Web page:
Cata9tales - A Chameleon's Dream

A Chameleon's Dream opens with the track "Kaboombox," which immediately brings Young MC's "Bust a Move" to mind. Sure, that's an old school reference; but hearkening back to the old school appears to be something Cata9tales, a Virginia hip-hop duo, is intentionally going for. Comprised of vocalist Berkley Priest and sound master, Kreator, this EP is smart and musically memorable, from start to finish.

It's difficult to find one highlight because so much of this EP is so good. However, "What a Day (Shooting Stars)," which appears to address those living hard luck lives, is a real winner. There's a line from Priest where he raps, "She knew all the crackheads/She called 'em rock stars" which especially stands out. It's one creative/tragic metaphor for these drug addicts.

While hip hop is this act's primary style, one titled "Gettotron" also smartly incorporates electronic elements. It finds Priest rapping rapidly, the way the rap pioneers used to do it in the early days. However, the way Cata9tales also includes semi-industrial sounds in this mix, brings Faith No More to mind quite positively.

It turns out Cata9tales is also comprised of two Christians. You have to be suspicious that faith is involved somehow whenever you hear rap music that doesn't include a whole lot of cussing. It's a sad commentary of the rap world to have to say that. Nevertheless, it seems as though rappers are afraid they won't be taken seriously if they don't also saturate their music with profanity. Granted, there are a few examples of salty language on this release � be forewarned parents and those with more sensitive ears � yet these bad language instances are appropriate for the song's subject matter. In other words, it's not just cussing for the sake of cussing, which is too often the case in contemporary music.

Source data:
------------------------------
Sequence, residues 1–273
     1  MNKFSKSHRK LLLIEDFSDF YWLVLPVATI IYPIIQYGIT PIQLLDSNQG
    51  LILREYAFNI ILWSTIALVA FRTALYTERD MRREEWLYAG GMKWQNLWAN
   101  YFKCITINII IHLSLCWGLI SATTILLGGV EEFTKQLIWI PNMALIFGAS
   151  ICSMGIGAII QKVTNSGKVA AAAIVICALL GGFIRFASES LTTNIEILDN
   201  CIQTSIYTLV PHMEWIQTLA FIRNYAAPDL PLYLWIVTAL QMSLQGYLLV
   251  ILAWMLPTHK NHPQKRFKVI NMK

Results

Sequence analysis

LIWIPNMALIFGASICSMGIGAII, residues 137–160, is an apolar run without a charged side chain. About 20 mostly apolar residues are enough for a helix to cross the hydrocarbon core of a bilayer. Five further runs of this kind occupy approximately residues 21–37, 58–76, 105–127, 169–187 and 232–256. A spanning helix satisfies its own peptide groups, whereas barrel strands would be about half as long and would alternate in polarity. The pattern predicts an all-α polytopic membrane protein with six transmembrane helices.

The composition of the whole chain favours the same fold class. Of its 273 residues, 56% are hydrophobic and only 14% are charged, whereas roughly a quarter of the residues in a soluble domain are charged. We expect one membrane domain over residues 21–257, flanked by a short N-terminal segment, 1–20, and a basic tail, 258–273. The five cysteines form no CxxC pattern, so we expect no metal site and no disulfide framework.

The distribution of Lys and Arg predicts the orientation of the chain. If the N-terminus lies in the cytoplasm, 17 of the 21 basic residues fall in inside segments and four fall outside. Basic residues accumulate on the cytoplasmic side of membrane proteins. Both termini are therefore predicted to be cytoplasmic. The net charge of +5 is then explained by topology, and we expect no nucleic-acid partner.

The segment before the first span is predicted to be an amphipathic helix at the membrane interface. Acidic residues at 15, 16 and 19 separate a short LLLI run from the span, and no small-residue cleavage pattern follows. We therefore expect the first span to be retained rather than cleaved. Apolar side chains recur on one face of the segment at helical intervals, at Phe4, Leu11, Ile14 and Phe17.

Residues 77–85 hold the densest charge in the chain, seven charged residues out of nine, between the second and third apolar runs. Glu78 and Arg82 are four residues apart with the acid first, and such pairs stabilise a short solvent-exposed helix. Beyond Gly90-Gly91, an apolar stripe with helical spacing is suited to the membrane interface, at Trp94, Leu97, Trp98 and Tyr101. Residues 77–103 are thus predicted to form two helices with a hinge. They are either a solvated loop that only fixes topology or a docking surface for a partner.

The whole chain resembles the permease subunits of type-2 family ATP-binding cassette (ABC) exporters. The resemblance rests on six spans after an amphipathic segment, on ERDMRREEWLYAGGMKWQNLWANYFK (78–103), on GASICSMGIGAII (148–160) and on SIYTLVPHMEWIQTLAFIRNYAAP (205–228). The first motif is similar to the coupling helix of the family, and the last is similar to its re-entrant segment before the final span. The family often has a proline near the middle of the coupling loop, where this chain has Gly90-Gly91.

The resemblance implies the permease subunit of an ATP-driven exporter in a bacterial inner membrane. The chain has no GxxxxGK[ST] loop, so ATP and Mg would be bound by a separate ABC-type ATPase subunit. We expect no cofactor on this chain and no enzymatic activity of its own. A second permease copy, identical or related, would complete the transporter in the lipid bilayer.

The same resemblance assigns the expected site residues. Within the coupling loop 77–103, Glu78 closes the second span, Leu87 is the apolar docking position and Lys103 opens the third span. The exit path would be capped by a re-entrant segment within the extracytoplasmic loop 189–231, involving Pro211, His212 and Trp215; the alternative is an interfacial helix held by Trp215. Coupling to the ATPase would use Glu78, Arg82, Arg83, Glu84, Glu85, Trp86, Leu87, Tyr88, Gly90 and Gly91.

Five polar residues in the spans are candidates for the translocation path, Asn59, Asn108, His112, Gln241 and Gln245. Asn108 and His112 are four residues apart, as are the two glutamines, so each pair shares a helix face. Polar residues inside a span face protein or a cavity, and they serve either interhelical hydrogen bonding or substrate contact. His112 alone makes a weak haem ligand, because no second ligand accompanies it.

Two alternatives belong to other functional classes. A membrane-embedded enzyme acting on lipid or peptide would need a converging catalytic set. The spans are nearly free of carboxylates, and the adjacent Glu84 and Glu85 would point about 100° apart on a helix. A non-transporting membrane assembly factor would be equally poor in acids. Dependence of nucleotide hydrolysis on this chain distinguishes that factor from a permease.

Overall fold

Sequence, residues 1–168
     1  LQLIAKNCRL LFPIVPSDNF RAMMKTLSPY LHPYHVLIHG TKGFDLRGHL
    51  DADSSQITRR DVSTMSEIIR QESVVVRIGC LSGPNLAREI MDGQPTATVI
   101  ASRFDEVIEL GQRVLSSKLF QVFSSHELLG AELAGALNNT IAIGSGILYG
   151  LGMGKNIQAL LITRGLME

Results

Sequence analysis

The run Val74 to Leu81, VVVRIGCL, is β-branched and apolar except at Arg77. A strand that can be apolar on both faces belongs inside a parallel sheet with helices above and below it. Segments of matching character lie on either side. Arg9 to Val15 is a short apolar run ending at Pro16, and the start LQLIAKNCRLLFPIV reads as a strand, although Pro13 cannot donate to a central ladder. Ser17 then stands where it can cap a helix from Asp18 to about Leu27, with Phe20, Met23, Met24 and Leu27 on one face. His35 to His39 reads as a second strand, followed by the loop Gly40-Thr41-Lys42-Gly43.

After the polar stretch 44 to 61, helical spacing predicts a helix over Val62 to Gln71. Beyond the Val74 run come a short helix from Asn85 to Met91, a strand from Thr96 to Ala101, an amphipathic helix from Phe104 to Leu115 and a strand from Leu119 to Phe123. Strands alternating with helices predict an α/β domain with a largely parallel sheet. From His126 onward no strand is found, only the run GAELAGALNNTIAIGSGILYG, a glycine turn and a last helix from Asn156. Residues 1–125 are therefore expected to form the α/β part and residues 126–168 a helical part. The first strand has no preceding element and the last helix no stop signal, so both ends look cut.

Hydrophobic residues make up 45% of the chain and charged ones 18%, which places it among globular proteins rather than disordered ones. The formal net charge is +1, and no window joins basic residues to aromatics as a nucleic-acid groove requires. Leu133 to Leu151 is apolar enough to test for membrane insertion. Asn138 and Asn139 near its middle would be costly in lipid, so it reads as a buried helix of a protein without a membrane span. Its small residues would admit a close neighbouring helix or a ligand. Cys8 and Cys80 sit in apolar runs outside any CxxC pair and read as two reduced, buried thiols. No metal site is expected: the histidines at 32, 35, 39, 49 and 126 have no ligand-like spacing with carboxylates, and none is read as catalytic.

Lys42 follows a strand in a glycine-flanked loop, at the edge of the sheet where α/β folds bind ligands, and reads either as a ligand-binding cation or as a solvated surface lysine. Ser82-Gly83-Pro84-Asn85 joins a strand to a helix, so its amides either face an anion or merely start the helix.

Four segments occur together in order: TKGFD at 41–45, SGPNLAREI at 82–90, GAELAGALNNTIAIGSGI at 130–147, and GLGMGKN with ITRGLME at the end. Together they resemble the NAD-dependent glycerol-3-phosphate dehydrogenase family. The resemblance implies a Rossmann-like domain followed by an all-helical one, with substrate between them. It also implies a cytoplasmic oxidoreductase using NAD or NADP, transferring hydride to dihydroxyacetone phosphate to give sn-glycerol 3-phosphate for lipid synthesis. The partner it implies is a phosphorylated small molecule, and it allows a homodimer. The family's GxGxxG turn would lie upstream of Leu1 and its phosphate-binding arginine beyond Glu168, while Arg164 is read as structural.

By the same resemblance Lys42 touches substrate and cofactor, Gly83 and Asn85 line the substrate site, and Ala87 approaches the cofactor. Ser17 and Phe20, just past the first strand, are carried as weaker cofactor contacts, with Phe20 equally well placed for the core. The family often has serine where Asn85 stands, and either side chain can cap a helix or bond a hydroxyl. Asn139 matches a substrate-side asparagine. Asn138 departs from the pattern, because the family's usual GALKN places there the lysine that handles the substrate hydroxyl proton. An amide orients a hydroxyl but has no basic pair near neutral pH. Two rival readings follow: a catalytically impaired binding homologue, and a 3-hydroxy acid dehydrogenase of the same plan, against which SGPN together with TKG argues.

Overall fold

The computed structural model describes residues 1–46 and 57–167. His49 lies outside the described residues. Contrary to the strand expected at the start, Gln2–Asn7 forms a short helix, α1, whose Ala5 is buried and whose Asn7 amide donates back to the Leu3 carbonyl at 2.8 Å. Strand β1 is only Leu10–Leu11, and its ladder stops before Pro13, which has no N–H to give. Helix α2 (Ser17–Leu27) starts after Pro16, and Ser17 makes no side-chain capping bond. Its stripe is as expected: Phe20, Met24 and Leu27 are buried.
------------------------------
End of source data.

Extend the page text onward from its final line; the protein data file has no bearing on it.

Lyrically, it's difficult to take this all in with just a few listens. Priest spits out so many great lines, so fast, it's a little like missing dialogue in a movie. Sure, you may get the gist of what the film is about; but it's a little frustrating missing good lines. The good thing about music over movies, though, is you can � and should � listen again and again.

Kreator also deserves praise for creating some mighty fine beats and grooves for this work. Many of these tracks point back to the soul music heyday of the '60s and '70s. And in its best moments, this EP has the dead serious tone of Marvin Gaye's What's Going On. Perhaps a better description is Marvin Gaye, as filtered through Massive Attack, with a modern spin put on it for good measure. Whatever the case, it sounds both retro and contemporary at the same time, and that's never a bad thing.

This disc closes with the autobiographical title track. Over a droning groove, with spoken word drop �ins and sporadic soulful female vocals, Priest tells the Cata9tales story with matter-of-fact honesty. It really helps the listener understand how Cata9tales got to be the way it is, so it may not be a bad idea to listen to the last track first.

The CD begins with the spoken word drop-in, "Gentlemen, let's broaden our minds." And in a rare case of true advertising (as opposed to the false variety), Cata9tales then proceed to use music to expand the intelligence of listeners. There just not nearly enough rap artists like KRS-One; the sort that use music as an educationally entertaining tool, instead of a cynical path for the sole purpose of making paper. The world needs Cata9tales, right now!

Cata9tales - A Chameleon's Dream

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